Thu., December 6, 10:31 a.m. EST
Last Quarter Moon
The last or third quarter moon rises around 11:30 p.m. and sets around 12:15 p.m. It is most easily seen just after sunrise in the southern sky.
Thu., December 13, 3:42 a.m. EST
The moon is not visible on the date of new moon because it is too close to the sun, but can be seen low in the east as a narrow crescent a morning or two before, just before sunrise. It is visible low in the west an evening or two after new moon.
Thu., December 20, 12:19 a.m. EST
First Quarter Moon
The first quarter moon rises around 11:45 a.m. and sets around 12:30 a.m. It dominates the evening sky
Fri., December 28, 5:21 a.m. EST
The full moon of December is called the oak moon. Other names are frost moon, winter moon, long night’s moon, and moon before Yule. In Hindi it is known as margashirsha poornima. Its Sinhala (Buddhist) name is unduvap. The full moon rises around sunset and sets around sunrise, the only night in the month when the moon is in the sky all night long. The rest of the month, the moon spends at least some time in the daytime sky.
Sun., December 2, 9 p.m. EST
Jupiter at opposition
Jupiter is directly opposite the sun and, as a result, shines brightly all night long. Because Jupiter is above the horizon for longer than its rotation period, it is possible to watch an entire rotation of the planet in one night. Jupiter joins a circle of seven of the brightest stars in the sky: Sirius, Procyon, Pollux, Castor, Capella, Aldebaran, and Rigel, with Betelgeuse at its center.
Tue., December 4, dawn
Mercury at greatest elongation west
The best morning apparition of the year for the elusive planet Mercury. Venus and Saturn will point to the tiny glimmer of Mercury, best seen about an hour before sunrise.
Sun., December 9, 3 a.m. EST
Vesta at opposition
Now that Ceres has been promoted from an asteroid to a dwarf planet, Vesta has become the largest and brightest of the asteroids. Tonight, at magnitude 6.2, it is slightly too faint to be visible naked eye, but is an easy object in binoculars.
Tue., December 11, dawn
Mercury, Venus and the moon
The slender waning crescent moon passes just below Venus, with Mercury nearby.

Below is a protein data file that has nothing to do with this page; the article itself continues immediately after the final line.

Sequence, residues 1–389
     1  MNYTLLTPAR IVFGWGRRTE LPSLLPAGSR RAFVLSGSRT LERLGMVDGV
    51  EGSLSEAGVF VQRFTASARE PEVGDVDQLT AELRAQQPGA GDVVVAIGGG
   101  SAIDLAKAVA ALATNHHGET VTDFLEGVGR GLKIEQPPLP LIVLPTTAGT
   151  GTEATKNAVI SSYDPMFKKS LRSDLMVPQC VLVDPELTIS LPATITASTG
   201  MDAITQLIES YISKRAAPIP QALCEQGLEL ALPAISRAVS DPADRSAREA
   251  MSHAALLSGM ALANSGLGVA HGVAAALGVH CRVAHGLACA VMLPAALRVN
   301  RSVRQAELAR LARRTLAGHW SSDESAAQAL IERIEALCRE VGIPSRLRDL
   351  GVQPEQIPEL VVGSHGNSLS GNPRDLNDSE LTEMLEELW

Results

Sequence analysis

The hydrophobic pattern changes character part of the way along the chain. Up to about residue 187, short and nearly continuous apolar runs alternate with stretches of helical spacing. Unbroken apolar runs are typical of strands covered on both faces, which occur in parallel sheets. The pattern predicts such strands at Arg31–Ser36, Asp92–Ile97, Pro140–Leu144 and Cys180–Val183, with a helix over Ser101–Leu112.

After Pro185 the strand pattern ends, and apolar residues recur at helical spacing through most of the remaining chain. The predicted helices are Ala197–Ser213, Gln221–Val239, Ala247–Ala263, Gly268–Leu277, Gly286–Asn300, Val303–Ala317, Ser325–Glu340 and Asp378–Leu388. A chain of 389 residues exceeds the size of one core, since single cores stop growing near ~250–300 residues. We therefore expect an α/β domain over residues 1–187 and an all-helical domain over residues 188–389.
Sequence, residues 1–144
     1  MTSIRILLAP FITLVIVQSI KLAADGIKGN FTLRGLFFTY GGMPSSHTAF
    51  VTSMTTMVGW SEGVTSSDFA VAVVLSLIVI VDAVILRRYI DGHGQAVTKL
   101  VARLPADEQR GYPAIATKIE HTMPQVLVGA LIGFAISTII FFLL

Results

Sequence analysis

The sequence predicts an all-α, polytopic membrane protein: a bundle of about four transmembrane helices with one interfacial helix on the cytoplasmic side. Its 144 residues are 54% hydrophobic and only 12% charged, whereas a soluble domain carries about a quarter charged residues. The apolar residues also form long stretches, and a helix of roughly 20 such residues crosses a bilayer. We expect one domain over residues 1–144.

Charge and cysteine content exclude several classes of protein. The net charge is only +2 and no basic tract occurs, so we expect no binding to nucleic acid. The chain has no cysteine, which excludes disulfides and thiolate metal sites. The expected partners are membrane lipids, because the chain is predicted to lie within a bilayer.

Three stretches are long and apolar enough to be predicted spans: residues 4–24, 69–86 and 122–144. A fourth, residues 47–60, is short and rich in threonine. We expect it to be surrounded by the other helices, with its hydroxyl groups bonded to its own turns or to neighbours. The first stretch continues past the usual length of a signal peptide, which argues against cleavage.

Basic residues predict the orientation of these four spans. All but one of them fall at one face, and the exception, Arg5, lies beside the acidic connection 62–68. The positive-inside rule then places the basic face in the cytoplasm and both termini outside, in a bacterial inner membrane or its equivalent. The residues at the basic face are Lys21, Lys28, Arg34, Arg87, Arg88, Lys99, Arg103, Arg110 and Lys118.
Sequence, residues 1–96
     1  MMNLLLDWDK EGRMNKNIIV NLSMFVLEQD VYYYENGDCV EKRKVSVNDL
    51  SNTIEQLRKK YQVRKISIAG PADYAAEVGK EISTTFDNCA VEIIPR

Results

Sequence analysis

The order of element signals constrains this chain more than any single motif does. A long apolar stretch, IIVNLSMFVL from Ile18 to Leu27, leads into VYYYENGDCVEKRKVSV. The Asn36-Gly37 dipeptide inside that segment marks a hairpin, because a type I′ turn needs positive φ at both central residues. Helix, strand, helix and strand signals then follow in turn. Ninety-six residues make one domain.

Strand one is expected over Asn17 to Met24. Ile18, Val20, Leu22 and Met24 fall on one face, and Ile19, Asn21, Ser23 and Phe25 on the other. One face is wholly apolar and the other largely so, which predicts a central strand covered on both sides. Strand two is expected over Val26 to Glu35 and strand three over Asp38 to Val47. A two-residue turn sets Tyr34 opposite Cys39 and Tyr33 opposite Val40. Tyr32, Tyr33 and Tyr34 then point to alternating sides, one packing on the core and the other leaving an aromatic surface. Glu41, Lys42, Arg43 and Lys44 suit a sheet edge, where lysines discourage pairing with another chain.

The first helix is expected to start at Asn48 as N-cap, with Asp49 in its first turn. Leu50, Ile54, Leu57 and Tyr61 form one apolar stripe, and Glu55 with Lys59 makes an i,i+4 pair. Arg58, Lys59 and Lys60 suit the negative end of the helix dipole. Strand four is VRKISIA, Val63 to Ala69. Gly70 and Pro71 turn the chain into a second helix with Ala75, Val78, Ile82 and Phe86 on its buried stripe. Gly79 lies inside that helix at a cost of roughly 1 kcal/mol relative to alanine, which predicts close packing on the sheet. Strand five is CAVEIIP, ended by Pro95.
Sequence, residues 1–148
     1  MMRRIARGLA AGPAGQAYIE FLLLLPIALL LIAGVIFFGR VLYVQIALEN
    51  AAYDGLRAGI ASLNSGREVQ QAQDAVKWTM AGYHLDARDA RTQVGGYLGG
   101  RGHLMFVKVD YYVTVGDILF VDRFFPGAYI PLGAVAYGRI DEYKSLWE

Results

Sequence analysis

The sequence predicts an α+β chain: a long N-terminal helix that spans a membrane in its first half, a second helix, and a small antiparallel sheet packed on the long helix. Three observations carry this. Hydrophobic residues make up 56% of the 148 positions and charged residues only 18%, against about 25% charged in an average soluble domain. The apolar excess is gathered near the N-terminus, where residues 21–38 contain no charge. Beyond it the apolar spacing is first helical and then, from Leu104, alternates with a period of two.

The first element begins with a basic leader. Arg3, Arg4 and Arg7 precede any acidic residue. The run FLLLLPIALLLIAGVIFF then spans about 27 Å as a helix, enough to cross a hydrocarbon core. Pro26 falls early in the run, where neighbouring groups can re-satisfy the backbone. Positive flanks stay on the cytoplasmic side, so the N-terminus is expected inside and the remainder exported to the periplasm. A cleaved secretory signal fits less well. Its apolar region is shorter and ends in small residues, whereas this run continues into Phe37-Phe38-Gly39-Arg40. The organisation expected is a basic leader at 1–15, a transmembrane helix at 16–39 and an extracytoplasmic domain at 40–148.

Fri., December 14, midnight–dawn
Geminid meteor shower
One of the finest meteor showers of the year, without a moon to block the view.
Tue., December 18, 4 a.m. EST
Ceres at opposition
Once the largest asteroid, Ceres has now been reclassified as a dwarf planet. At magnitude 6.6, it is an easy target in binoculars. Notice that Ceres is close to Vesta in the sky. The Dawn spacecraft, after spending nearly 14 months studying Vesta, left on September 5 to rendezvous with Ceres in February 2015.
Tue., December 25, 7 p.m. EST
Jupiter and the moon
The moon will pass just south of Jupiter soon after moonrise in the eastern sky. The two brightest star clusters in the sky, the Hyades and the Pleiades, are nearby.
Mercury will be well placed in the morning sky for observers in the northern hemisphere for the first half of the month.
Venus is still a morning “star,” shining brightly before sunrise. It moves from Libra through Scorpius into Ophiuchus during the month, sinking lower into morning twilight as it moves towards superior conjunction with the Sun on March 28.
Mars has faded into the west moving behind the sun. It moves from Sagittarius into Capricornus on December 25.
Jupiter is in Taurus, close to Aldebaran and the Hyades. It reaches opposition on December 2 and is visible all night long.
Saturn is now a morning star. It begins the month in Virgo, but moves into Libra on December 6.
Uranus is visible all evening in Pisces. It sets around 1 a.m.
Neptune remains in the depths of Aquarius all month, and sets around 10 p.m.
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